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What Makes Processed Foods Bad?

Is processed food bad? Can there be something good that comes out of pre-packaged foods?

We’ve been asked this question numerous times, especially since some of the articles we post here on the blog tell you to avoid processed foods.

So, we want to clear up the confusion right now. We do believe most processed foods are unhealthy. But, we also acknowledge that many processed foods can be used effectively to increase your health, help you to lose weight, and make life easier.

What Are Processed Foods?

Basically, any food that comes in a bag or box is processed. That includes microwave meals and whole grain rice. That includes white bread and whole-grain bread.

Quality and marketing are the keys.

Let’s take a quick look at marketing first. The whole point of an attractive package, a nice-looking bag, and all those catchphrases are to make you buy a product. This is true whether you buy food, a car, or an eBook.

Marketers know how to trick you. They can make food that is incredibly unhealthy and make you feel absolutely justified eating it by putting the words light, low fat, and organic on the label.

But, since they are marketing terms and not health indicators, they can say whatever they want, whether it’s true or not. Let us know in the comments if you think they should be more honest.

Which leads us to quality. To make bland food, like brown rice, taste great, you have to add flavoring. This can come in the form of herbs and spices, sugar, fat, or chemicals.

Herbs and spices are healthy for you. Chemicals and sugar or not.

Not All Processed Foods Are Unhealthy

Here’s where you have to do more work to purchase processed food. You have to learn how to read nutritional labels and decipher ingredient lists.

On the nutritional labels is an ingredient list. We want you to look at all the foods that come in a bag or a box and ask these questions:

  • Do I know what all those ingredients are?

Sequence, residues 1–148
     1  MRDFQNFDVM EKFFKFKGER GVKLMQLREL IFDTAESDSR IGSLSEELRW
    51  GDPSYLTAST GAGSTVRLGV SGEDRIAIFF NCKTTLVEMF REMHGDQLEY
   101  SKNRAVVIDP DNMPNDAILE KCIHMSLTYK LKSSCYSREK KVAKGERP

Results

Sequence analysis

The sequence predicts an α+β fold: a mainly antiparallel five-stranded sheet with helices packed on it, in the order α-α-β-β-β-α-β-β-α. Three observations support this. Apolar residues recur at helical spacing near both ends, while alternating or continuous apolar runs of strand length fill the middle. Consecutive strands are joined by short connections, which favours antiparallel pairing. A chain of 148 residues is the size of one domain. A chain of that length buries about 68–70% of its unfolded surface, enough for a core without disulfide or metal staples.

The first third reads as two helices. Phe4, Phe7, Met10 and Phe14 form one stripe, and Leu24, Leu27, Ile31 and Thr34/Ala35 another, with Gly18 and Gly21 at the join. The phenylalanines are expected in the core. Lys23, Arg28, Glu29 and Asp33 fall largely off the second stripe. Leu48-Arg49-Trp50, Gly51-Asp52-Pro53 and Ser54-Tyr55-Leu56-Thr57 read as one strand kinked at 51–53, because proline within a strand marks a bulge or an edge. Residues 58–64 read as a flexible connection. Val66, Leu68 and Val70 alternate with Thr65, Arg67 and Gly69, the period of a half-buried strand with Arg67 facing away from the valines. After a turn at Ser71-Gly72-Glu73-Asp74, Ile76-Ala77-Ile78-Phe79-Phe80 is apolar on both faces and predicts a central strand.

• Could I buy all of those ingredients in the grocery store and make this myself?
  • Is that too much sugar for my health?
  • Am I comfortable eating propylene glycol (antifreeze), Erythrosine (food coloring linked to memory problems), or any other unknown chemical?
  • Am I eating the actual serving size or multiple servings at a sitting, like in the case of ice cream?

Sometimes, these questions have easy answers. In the brown rice example we mentioned above, the only ingredient on the label is brown rice. But, if you buy rice that’s mostly cooked, chemically flavored, and with added sauces, that ingredient list can get quite long and quite unhealthy.

What you’re going to find in the grocery store is that if you look up and you look down you’re going to see more whole-food ingredients. The middle shelves get reserved for companies that pay a lot of money to be there and make a high profit off of the processed food, which usually means they’ve added more chemicals and sugar rather than the whole, healthy ingredients.

Processed Foods Alternatives That Are Easy and Healthy

There are a lot of ways you can make food healthier by choosing different cooking methods and alternatives to processed foods.

Always: you should look at the ingredient list before you purchase. That way, you see the truth of what is in your food, rather than being tricked by the marketing hype on the front.

Bread and Pasta

You can choose 100% whole grain bread and pasta rather than plain ones. These are tastier and healthier for you because they provide more fiber and more nutrients. Plus, it fills you faster so you eat less.

Rice and Beans

Choosing brown rice and whole dried beans is much healthier for your body. With a little planning, you can create tender rice and beans in the same amount of time it takes to microwave pre-made food.

When you know what you want to make the night before, measure out the appropriate amount of dry beans or rice and soak them overnight in a large bowl of water. Come morning, empty the bowl and rinse the beans and rice, then soak again throughout the workday. By the time work is over and you are preparing dinner, your beans will be the same consistency as what you get out of a can.

Of course, if your schedule is a little different, just keep in mind the soaking times, and you could start them whenever you choose.

Microwave Meals, Lunches, and Dinners

When you’re at work, you don’t have a lot of time to cook, well, anything. A microwave might be your best (and only) tool.

If you plan enough food from the night before, you can have enough leftovers for your lunch. Not only will it be healthier, but you can show off your skills in the kitchen. Plus, on average, taking your lunch to work saves between $1.50 and $3 per meal.

There are many other examples our coaches at Custom Health Centers can help you with. We recommend talking to one of our coaches to get a few more ideas. By scheduling a free consultation, you can discover what your health and weight-loss goals really are.


Dr. Jason Olafsson D.C.

Founder & CEO
Doctor of Chiropractic
Life University

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